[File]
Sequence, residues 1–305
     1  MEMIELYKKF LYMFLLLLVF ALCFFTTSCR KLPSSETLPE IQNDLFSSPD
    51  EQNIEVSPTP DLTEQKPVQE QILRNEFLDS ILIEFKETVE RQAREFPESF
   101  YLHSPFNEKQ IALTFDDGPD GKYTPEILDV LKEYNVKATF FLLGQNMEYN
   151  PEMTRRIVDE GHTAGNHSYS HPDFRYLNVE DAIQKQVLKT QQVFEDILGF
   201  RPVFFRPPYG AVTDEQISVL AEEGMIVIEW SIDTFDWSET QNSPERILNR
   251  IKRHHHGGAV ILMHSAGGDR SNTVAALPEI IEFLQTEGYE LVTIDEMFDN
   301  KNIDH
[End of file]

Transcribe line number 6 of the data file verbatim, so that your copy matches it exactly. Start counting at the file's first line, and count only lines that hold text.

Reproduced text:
   201  RPVFFRPPYG AVTDEQISVL AEEGMIVIEW SIDTFDWSET QNSPERILNR